author is precluded from effective action by his or her very emotions"
(265). However, it is important to note that the Language poets who
authored this article distinguish themselves from the confessional
tradition not through a wholesale rejection of the categories of self,
memory, and experience, but rather through a poetically embodied critique
of the specific forms of self, memory, and experience that confessionalism
privileges. This is never a merely negative critique; on the contrary, it
is one that attempts to broaden and reconstitute our understanding of
subjective processes and their relation to the "beyond" of the subject.
For instance, when the authors of "Aesthetic Tendency and the Politics of
Poetry" compare their compositional practices to Coleridge's "refusal to
identify the I with the horizon of the 'I,' and thus with easily
perceived moral categories" (266), when they recommend an "openness of the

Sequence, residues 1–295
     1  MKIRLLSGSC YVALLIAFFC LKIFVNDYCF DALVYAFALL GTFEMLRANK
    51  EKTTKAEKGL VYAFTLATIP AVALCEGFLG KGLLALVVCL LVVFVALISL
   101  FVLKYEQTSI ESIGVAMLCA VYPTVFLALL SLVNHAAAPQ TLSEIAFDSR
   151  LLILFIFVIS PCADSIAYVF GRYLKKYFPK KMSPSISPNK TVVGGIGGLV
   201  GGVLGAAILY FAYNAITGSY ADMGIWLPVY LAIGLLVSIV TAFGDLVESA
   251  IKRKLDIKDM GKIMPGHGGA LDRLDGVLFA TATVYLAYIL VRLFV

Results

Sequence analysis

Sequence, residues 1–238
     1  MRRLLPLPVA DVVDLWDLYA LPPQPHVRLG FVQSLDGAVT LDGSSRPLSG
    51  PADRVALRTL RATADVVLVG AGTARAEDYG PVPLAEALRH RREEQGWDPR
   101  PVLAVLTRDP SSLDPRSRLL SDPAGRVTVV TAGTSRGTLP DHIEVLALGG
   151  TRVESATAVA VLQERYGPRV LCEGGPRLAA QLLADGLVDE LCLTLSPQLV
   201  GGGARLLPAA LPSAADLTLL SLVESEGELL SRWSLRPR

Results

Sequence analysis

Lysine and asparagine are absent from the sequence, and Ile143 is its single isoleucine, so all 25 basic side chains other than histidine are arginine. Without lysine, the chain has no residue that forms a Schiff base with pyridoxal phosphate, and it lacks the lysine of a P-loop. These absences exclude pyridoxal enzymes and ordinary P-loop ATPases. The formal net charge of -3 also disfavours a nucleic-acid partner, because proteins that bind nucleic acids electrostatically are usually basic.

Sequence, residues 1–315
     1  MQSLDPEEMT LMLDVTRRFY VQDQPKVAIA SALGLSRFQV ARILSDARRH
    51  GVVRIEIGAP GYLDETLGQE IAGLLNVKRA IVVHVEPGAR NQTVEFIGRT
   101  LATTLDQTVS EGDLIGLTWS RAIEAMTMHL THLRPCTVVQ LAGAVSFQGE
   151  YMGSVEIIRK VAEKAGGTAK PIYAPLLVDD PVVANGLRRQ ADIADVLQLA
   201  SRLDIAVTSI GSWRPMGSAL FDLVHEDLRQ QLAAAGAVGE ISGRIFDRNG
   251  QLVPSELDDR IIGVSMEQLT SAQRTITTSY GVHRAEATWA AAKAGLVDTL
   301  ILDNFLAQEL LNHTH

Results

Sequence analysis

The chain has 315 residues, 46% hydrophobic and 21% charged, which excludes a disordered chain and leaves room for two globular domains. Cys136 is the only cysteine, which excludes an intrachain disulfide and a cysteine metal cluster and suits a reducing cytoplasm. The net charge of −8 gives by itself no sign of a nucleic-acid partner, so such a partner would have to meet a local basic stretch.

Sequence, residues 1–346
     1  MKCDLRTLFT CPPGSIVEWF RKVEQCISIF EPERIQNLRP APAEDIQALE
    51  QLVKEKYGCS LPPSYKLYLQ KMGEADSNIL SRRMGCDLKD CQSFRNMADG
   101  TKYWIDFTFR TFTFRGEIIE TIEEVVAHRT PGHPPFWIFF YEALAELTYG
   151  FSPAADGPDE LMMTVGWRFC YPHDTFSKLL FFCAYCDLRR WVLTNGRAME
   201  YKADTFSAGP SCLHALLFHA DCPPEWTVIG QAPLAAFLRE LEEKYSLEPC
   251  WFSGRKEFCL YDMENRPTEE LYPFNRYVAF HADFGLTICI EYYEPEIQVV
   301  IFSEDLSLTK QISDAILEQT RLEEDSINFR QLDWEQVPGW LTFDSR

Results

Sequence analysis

self" to "processes where the self is not the final term" (266), they are
clearly proposing alternate models of subjectivity--models in
which the "I" is in an animating and animated relation to the "not-I"
(269). Perelman's interrogation of the future of memory can therefore be
understood as part of this larger ambition to multiply and complicate the
forms of selfhood that poetry has at its disposal.
- It is strangely appropriate, therefore, that The
Future of Memory begins with a poem entitled "Confession."
Perelman admits in an interview that this is a provocative gesture, since
confessional poetry has been the object of "great scorn" for the Language
writers since the 1970s (Nichols 532). But again, this opening move is
less surprising if we understand The Future of Memory's deep
concern with problems of consciousness and subjectivity, and its